Galway University Hospitals launches Ireland’s first dementia awareness programme

Orla Shiel, occupational therapist; Chris Kane, general manager; Barbara Hodkinson, founder of the Butterfly Scheme; Julie Nohilly, acting director of nursing; Janet Britt, Butterfly Scheme; Dr Ronan O Caoimh, consultant geriatrician; and Ellen Wiseman, patient advice and liaison service.

Orla Shiel, occupational therapist; Chris Kane, general manager; Barbara Hodkinson, founder of the Butterfly Scheme; Julie Nohilly, acting director of nursing; Janet Britt, Butterfly Scheme; Dr Ronan O Caoimh, consultant geriatrician; and Ellen Wiseman, patient advice and liaison service.

Galway University Hospitals and Saolta University Health Care Group, in collaboration with the founder of the Butterfly Scheme, Barbara Hodkinson, officially launched the Butterfly Scheme in Galway University Hospitals last week.

The Butterfly Scheme allows people with temporary confusion, memory loss, and dementia to make this fact clear to hospital staff and provides staff with practical training to offer a simple, five-point, targeted, response to meet their needs. At-a-glance, discreet, identification via a Butterfly symbol is available for hospital patients who wish to participate. UK research has demonstrated that patients who choose to use this symbol receive more effective and appropriate care while in hospital.

The launch was officiated by Carmel Geoghegan, AG Networks, and Keith Finnegan, Galway Bay FM and saw 150 staff members who volunteered as Butterfly Champions complete their training under the leadership of Barbara Hodkinson, the UK founder of the Butterfly Scheme who oversaw the training. The Butterfly Champions work in all areas of the hospital, from ward clerks to porters, radiology staff, therapists, catering staff, nurses, doctors, etc.

It is also anticipated that more than 300 staff will receive training in a specific dementia care response called the REACH response.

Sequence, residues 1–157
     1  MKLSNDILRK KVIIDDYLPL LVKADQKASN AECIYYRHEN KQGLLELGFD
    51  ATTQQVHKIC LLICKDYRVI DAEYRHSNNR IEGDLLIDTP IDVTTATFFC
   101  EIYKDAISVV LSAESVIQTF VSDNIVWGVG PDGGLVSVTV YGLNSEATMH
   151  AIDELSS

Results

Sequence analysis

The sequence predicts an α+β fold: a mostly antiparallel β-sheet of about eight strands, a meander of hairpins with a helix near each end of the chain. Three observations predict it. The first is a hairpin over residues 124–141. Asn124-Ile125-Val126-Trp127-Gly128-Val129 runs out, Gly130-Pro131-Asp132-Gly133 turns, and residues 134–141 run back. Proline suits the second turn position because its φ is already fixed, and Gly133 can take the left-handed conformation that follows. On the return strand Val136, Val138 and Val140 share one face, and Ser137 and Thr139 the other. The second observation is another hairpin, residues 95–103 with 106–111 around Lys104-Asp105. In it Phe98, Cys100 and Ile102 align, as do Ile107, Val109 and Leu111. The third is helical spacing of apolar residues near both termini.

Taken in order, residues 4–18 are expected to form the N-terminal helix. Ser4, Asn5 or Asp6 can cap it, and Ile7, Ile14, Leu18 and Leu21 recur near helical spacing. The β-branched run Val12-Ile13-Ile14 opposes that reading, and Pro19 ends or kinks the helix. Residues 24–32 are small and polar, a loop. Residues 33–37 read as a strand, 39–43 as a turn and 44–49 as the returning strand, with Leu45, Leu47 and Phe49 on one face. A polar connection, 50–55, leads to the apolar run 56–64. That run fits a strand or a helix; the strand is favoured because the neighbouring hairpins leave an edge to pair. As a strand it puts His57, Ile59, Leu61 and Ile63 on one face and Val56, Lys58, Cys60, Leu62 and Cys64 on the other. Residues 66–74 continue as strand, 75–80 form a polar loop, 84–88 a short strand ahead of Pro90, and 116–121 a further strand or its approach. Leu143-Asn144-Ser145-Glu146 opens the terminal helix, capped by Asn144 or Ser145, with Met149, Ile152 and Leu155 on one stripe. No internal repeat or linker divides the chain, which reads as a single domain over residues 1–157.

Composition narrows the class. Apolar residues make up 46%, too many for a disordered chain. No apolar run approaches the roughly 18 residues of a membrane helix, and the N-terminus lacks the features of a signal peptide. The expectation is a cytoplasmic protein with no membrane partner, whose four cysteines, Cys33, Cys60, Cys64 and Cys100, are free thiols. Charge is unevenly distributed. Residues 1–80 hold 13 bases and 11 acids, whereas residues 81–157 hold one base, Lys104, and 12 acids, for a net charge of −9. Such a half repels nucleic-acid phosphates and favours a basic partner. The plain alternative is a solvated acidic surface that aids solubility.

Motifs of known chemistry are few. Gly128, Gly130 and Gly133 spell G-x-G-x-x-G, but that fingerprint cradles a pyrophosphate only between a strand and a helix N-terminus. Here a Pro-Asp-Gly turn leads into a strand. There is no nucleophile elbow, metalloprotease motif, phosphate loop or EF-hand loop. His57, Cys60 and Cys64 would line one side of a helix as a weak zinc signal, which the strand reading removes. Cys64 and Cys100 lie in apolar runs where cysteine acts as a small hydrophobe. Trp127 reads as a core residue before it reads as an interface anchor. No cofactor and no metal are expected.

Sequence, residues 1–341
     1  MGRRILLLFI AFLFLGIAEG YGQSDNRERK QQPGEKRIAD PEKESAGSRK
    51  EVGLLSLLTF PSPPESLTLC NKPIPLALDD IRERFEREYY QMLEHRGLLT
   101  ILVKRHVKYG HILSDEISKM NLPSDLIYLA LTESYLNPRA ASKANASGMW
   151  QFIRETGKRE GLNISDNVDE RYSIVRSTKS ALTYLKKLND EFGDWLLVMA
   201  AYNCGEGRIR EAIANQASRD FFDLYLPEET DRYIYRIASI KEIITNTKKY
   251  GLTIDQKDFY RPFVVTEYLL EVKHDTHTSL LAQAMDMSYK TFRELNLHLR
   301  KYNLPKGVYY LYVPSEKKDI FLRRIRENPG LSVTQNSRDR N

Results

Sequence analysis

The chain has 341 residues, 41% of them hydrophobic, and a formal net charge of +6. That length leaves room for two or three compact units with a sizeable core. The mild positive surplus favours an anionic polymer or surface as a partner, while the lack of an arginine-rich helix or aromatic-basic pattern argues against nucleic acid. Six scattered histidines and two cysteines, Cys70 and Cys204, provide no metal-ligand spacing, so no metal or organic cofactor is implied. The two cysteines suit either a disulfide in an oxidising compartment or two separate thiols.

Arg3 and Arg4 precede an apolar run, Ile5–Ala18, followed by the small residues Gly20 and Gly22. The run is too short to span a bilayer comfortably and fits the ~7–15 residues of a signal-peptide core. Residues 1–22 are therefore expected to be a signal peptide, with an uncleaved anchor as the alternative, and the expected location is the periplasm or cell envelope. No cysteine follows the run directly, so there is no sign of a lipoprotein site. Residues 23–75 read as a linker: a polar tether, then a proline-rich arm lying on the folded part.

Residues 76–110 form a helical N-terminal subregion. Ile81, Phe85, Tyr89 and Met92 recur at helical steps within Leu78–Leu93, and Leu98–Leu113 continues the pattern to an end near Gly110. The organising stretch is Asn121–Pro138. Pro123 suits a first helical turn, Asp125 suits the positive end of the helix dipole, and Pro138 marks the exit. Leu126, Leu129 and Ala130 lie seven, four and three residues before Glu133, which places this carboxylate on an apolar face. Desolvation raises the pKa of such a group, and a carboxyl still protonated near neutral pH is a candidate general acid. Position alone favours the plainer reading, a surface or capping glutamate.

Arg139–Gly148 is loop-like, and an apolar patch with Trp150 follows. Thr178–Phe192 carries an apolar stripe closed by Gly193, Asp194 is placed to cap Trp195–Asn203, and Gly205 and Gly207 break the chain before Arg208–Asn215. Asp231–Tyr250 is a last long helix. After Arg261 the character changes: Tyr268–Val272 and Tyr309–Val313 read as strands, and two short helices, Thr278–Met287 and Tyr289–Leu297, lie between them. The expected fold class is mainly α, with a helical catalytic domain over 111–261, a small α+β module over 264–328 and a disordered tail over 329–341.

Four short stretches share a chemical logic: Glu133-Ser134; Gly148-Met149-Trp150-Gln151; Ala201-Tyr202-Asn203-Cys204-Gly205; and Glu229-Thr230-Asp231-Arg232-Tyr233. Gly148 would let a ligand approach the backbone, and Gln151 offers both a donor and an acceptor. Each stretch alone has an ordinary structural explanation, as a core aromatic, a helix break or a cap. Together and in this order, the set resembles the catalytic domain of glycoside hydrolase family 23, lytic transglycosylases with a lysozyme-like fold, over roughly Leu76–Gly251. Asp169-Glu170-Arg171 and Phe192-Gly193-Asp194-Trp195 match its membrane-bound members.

Dr Rónán O Caoimh, consultant geriatrician, Galway University Hospitals, welcomed the scheme. “The Butterfly Scheme increases awareness and provides clear solutions to complement the goals of the Irish National Dementia Strategy launched in 2014, which states that all hospital staff involved in the care and treatment of people with dementia should be aware of their diagnosis and its impact," he said. "The scheme, already successful in the United Kingdom and Northern Ireland, and we at Galway University Hospitals are very proud to announce that we are the first hospital in the Republic to Ireland to launch the scheme.”

Orla Sheil, senior occupational therapist, Galway University Hospitals, added: “The insight for getting involved with the scheme came primarily from my experiences working on the ground in the emergency department with the Frail Elderly Assessment team, where I felt that the lack of a system to help staff identify patients with dementia and cognitive impairment increased staff difficulties in meeting patients' care needs. I researched what potential schemes were available to assist hospital staff in helping to deliver a better care response to patients with dementia and came across the Butterfly Scheme. Since contacting Barbara Hodkinson in April, the enthusiasm and interest from the steering group committee in the hospital has carried the project forward to a very successful launch.”

The Butterfly Scheme is much needed in light of the growing prevalence of dementia in Ireland and the findings of the first Irish National Audit of Dementia Care in Acute Hospitals in 2014 that highlighted the lack of standardised care for people with dementia in Irish hospitals.

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